Salmon population recovery is one of our priorities in Oregon, especially because of their importance in the recovery of the southern resident orcas. But Oregon House Bill 2381 would have allowed the Oregon Department of Fish and Wildlife to kill any predator species that prey on salmon populations in Southwest Oregon. This bill included provisions that would allow culling of threatened and endangered species as well, which would have made it a huge threat to Oregon Endangered Species Act (ESA).
Salmon runs have declined and disappeared throughout the Salish Sea and Columbia Basin due to a variety of factors, the main one being ecological degradation of their habitat because of industrial and economic development. Salmon are an important prey species for several marine and avian species in the region, including the critically endangered southern resident orcas. They are also indicators of healthy river and marine ecosystems — as habitats degrade and disappear, so does the salmon. We therefore recognize the need for taking a systematic, long-term approach to salmon population recovery in the region. However, the bill proposed in the Oregon House Natural Resources Committee, focused on a narrow, scientifically questionable solution to salmon recovery.
Salmon decline cannot be pinned on individual species alone — whether they are pinnipeds, birds, or other aquatic species. Oregon attempted it with cormorants and it backfired on us and collapsed a colony of a species. Many factors have led to the decline in salmon population, including warming ocean temperatures, habitat loss caused by human activity, industrial development that pollutes water and creates barriers to salmon runs, and overharvesting.
Removing natural predators to compensate for core issues that are human-caused is short-sighted and dangerous. We have limited understanding of how such a measure will impact the ecosystem overall — the target predator species most likely do not prey on salmon alone, they also eat other species and provide other ecosystem services, some of which we are still in the process of uncovering. It is a complex ecological web and without adequate research on the overall ecosystem implications of such a measure, such policies are just a flinch reaction to a deeper problem.
Allowing the killing of individuals of protected species (that are listed or petitioned to be listed under the State ESA) is an archaic approach that defies core conservation principles. This sets an alarming precedent for the killing of protected species and represents a serious step back in the state’s policy to protect its vulnerable natural resources. And it would create an enormous exemption to the Oregon Endangered Species Act.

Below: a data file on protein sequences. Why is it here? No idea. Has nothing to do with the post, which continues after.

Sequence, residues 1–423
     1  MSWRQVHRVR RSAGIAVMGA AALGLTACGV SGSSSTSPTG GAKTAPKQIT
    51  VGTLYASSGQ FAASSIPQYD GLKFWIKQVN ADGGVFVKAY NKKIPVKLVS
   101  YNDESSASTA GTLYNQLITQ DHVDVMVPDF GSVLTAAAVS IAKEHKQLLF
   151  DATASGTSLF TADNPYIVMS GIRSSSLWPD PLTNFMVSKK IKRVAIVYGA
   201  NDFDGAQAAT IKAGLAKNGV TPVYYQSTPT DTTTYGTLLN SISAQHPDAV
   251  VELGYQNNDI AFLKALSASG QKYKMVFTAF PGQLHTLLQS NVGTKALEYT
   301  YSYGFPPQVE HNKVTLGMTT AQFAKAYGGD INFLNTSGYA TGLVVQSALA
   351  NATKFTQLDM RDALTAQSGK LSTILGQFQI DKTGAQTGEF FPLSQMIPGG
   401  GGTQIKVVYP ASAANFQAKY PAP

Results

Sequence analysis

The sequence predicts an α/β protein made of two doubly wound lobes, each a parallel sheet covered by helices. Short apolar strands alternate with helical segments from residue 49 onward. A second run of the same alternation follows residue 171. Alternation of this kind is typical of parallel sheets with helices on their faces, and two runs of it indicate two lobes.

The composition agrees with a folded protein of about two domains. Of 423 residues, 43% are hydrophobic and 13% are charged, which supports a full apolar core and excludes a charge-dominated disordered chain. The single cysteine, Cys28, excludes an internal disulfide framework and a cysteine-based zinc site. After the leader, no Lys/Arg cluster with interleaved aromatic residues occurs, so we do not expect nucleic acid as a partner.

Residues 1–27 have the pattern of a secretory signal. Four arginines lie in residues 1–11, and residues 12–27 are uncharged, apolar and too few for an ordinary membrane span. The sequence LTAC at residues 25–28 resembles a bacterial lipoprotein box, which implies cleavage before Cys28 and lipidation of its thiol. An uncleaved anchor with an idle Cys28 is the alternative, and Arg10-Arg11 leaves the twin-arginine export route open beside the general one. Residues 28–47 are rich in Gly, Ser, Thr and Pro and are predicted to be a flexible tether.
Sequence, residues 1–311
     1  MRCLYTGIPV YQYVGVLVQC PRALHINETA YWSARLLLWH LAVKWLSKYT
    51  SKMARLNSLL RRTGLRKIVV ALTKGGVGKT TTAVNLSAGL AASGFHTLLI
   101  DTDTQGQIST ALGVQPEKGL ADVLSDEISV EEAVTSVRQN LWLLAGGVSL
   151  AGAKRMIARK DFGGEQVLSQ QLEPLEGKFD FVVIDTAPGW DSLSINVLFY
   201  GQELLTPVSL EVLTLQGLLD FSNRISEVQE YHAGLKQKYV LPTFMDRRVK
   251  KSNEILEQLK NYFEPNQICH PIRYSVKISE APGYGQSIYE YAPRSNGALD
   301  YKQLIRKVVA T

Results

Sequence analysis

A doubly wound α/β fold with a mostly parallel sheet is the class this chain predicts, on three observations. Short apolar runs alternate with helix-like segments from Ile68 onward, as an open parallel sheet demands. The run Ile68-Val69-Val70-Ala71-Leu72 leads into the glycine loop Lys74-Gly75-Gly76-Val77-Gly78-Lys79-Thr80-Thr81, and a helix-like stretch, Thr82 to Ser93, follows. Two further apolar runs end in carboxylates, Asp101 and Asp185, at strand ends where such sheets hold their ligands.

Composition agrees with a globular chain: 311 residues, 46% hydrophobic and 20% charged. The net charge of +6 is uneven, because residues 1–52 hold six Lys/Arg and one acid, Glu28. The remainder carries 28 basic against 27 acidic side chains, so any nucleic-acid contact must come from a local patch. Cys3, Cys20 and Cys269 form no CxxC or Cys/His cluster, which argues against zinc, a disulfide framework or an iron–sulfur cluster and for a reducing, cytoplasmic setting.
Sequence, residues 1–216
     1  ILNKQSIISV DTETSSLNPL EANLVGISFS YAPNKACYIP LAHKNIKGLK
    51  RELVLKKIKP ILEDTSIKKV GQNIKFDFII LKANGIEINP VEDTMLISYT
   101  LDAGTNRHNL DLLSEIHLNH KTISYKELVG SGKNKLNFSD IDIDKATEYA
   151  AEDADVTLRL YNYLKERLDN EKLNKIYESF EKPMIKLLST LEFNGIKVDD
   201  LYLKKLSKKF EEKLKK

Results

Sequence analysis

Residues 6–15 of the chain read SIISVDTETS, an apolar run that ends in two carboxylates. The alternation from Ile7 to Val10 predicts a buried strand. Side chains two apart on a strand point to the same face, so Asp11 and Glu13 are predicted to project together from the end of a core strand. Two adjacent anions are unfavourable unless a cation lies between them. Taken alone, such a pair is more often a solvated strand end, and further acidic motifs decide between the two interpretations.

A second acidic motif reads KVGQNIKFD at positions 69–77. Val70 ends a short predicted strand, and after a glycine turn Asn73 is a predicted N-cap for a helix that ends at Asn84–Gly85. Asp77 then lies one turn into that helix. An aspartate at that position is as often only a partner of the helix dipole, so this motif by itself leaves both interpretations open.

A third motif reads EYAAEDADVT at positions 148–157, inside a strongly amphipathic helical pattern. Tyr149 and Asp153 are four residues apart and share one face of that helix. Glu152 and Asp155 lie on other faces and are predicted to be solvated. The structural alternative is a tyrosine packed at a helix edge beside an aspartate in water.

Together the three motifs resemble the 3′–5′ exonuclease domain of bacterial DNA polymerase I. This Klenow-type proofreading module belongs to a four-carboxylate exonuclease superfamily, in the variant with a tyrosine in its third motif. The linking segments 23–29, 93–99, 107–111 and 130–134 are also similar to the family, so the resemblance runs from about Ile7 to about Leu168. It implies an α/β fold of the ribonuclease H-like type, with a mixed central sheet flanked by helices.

For effective and sustainable recovery of Oregon’s salmon population, we should focus on restoring prime salmon habitat, removing barriers to salmon runs, and reducing pollution. Such recovery measures will take time to show its impact on salmon populations, which is why we should also concentrate on meeting immediate needs by increasing spill over dams, removing non-native species, removing non-functional dams, and investing in improved hatchery programs. It will take a combination of short-term and long-term measures to bring salmon population back from its exponential decline.
Defenders’ written testimony played a very important role in the Natural Resources Committee’s decision to not move ahead with this bill. We were the only ones to submit any testimony in opposition and played a large role in killing the bill. We could not support a bill that proposed a short-term, scientifically questionable approach to salmon recovery while creating an enormous exemption to the Oregon Endangered Species Act. While making such crucial natural resource policy decisions, we need to consider the well-being of healthy ecosystems in Oregon for present and future generations of both our human and wildlife communities.